And there are now so many individual cases that it is impossible to keep informed about them all, let alone comment on them.

A dying dad told he was fit for work by the Department for Work and Pensions was left with just £15 a week to live off after his benefits were cut.

The 47-year-old, who could only have two years left to live, has stage three emphysema. Darryl Nicholson also has bronchitis asthma, anxiety and depression.

He was receiving Employment Support Allowance (ESA) but after attending a mandatory work capability assessment the DWP deemed him fit for working.

Darryl, who tragically lost his wife to cancer, underwent a mandatory reconsideration which was rejected and he is now awaiting a tribunal.

While on ESA, Darryl received £474 per month directly into his bank account. But after being put on to Universal Credit his money has been halved, receiving just £236 per month.

After paying £48 for his phone bill, £60 per month for electric and £10.37 for gas, Darryl is left with around £15 per week for food.

Source: Dying dad deemed fit to work by DWP left with just £15 a week after benefits cut – Birmingham Live

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URGENT: Advice to ESA claimants found ‘fit for work’ on getting GP ‘fit notes’


Remember when it was revealed that the Conservative government had told doctors they no longer need to provide “fit notes” to claimants of Employment and Support Allowance who have been told they are “fit for work” after taking one of the Tories’ rigged “work capability assessments”?

This should remind you.

The advice was false, of course. Claimants need “fit notes” when they are contesting the decision, and to make sure Job Centre “advisors” cannot make unreasonable demands of them.

Frank Zola has written an article detailing advice to ESA claimants whose doctors may be inclined to follow the government’s false advice. It is valuable advice – perhaps crucial in a country where the benefit system is weighted in order to bring about the death of sick and disabled claimants by benefit deprivation.

Here’s part of it:

Caution: You may wish to seek independent support from an Advice Agency or Law Centre before acting on any of the consent based suggestions below.

When Employment Support Allowance (ESA) or Universal Credit claimants are required to undertake a Work Capability Assessment (WCA) and found fit for work (FFW), their GP or Doctor treating them is usually sent a letter, known as an ESA65B (pdf) [1], informing the GP/Dr that they no longer need to issue ‘fit-notes’ [2] for “ESA purposes”.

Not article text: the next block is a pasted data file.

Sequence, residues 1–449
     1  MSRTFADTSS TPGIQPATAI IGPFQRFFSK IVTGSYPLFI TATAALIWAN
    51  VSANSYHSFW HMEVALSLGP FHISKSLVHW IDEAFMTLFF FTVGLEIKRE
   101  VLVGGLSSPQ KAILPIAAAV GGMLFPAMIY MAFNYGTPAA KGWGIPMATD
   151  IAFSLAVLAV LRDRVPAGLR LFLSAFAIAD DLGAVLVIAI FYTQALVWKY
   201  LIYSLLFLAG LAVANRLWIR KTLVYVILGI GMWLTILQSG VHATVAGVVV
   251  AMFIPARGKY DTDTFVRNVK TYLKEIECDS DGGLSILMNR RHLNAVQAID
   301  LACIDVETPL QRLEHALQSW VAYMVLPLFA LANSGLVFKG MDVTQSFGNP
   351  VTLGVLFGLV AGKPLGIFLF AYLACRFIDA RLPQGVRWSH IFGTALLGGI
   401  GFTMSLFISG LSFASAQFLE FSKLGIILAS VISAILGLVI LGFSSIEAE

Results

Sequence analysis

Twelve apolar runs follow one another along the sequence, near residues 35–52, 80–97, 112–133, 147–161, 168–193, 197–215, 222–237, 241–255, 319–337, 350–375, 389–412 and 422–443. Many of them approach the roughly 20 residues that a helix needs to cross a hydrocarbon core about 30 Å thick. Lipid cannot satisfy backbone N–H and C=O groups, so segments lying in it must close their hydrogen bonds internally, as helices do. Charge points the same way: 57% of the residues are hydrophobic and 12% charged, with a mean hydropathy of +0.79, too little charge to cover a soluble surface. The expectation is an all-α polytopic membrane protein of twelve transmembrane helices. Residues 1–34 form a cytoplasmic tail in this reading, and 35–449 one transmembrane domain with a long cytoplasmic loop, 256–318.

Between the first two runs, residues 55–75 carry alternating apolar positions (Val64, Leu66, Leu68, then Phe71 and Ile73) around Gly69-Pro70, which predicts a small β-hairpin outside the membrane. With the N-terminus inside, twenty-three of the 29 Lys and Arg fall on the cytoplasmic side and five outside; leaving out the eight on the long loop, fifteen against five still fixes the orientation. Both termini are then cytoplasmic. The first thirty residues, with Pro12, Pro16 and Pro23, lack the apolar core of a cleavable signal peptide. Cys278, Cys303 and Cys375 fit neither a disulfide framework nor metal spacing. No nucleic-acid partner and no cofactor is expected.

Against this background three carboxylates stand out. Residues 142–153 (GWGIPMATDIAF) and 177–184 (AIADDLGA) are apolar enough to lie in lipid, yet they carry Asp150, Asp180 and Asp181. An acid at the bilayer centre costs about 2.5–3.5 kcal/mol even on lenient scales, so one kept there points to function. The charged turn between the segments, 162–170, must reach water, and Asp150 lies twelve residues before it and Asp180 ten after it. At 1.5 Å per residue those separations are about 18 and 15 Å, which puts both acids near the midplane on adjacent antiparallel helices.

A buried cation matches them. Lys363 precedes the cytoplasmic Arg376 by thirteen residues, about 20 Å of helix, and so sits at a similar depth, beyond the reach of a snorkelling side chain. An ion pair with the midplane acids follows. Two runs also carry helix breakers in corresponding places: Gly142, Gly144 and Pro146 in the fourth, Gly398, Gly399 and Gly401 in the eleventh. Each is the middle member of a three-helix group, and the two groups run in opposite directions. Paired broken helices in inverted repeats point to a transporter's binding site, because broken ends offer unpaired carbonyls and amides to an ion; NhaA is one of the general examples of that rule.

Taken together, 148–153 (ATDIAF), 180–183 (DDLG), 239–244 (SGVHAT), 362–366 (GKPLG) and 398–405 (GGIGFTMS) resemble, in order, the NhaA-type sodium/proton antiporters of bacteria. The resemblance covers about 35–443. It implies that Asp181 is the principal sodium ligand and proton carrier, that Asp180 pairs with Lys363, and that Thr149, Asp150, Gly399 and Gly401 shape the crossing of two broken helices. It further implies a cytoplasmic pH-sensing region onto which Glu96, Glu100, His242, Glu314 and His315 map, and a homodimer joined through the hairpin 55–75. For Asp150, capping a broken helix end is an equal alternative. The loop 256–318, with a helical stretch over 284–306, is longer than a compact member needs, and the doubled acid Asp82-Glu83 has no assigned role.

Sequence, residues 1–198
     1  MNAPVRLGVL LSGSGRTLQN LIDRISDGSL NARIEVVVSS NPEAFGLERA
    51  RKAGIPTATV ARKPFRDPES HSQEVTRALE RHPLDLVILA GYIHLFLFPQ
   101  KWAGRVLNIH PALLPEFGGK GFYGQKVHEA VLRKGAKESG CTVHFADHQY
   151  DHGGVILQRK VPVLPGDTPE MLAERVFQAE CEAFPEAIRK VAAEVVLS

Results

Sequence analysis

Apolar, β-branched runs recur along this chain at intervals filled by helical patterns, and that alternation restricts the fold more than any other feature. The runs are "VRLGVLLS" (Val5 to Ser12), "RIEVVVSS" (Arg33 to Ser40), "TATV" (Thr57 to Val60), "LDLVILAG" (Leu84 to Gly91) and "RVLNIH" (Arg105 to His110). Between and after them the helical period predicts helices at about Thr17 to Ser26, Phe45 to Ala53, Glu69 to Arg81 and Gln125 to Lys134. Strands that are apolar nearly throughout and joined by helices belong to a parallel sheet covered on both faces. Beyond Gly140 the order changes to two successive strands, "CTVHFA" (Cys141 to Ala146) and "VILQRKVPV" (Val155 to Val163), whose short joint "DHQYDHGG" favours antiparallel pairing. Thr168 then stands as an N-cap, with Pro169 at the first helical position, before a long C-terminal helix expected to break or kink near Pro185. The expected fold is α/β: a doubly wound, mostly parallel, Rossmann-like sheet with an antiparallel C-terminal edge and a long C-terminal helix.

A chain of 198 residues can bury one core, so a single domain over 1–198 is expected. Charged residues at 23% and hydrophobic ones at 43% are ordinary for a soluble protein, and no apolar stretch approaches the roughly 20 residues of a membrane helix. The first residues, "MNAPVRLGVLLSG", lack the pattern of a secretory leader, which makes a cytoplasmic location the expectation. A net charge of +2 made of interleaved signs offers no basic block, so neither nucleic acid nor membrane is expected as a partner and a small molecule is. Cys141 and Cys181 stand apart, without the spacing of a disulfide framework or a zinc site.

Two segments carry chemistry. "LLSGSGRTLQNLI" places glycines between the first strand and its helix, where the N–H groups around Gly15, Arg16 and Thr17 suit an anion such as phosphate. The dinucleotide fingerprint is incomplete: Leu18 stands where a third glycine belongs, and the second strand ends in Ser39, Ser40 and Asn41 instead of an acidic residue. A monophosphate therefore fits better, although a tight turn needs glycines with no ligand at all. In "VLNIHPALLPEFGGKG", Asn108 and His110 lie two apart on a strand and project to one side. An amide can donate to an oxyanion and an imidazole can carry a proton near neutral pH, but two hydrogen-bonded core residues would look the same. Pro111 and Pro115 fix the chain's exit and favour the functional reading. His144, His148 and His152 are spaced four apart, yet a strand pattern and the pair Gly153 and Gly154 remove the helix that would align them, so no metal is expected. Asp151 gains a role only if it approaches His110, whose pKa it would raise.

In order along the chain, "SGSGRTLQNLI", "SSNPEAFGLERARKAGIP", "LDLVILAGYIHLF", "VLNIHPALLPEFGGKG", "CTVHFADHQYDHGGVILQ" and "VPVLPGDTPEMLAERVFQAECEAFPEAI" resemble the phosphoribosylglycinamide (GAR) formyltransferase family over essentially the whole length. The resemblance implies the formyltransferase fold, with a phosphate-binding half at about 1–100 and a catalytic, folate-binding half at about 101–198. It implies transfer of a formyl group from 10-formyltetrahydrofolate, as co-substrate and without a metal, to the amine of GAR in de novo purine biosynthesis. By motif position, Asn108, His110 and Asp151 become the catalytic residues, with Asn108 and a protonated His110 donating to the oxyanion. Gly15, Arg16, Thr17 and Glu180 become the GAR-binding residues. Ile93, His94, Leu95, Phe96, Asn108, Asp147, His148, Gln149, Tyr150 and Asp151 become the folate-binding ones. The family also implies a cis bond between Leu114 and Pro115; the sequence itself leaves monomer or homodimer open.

Unfortunately receipt of the ESA65B letter often results in GPs refusing to continue issuing ‘fit-notes’ [3], even when they should be issued when the claimant has requested a Mandatory Reconsideration (MR) of its FFW decision or appealing to an independent Tribunal against after an MR, or their health condition or disability gets significantly worse or they have a new medical condition. [4] Or when needed to ensure a Jobcentre Work ‘Coach’ cannot impose unreasonable work-related conditions on an ESA[4], Universal Credit (UC) [5] or Jobseekers Allowance (JSAc) (contribution based) [6] claimant.

If your GP/Dr did get an ESA65B letter and you are asking the DWP for a Mandatory Reconsideration or appealing to a Tribunal against the FFW decision, or your health condition or disability gets worse or you have a new medical condition or disability. You could provide a copy of or send your GP or GP practice links to ‘A short guide to the benefit system for general practitioners‘ and this letter of 5 April 2019 as they advise GPs when they should continue issuing ‘fit-notes’.

You can read the rest here. If you are among those affected by this issue, you most certainly should.

It may save your life.


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DWP’s letter to doctors means MORE people have been wrongly denied benefits

Sarah Newton: The Conservative minister for disabled people once said there was no “hostile environment” for benefit claimants. Her capacity for inaccuracy, thus demonstrated, seems to be proved again with this case.

The duplicity in the latest attack on the sick and disabled by the Conservatives is enough to make anybody ill – including the doctors it targeted.

People claiming Employment and Support Allowance because they are too unwell to work, but who have their claim turned down by assessors from the private company hired by the Department for Work and Pensions, are entitled to receive the benefit while they await their appeal hearing.

But they need ‘fit’ notes from their doctors, to prove they are too ill to work – and it has emerged that “ministers” (we don’t know which) have ordered changes to the standard letter sent to GPs, in order to make them think these notes are not necessary.

It’s clearly a scam to undermine the law; sick people can’t receive the benefit if they don’t have a note from their GP, so the government has told GPs to stop providing these notes.

Amazingly, the DWP has claimed that the removal of references that made it clear to GPs they may have to issue a medical statement if their patient wished to appeal against a WCA decision was not intended to dissuade GPs from issuing fit notes.

In that case, why change the letter at all?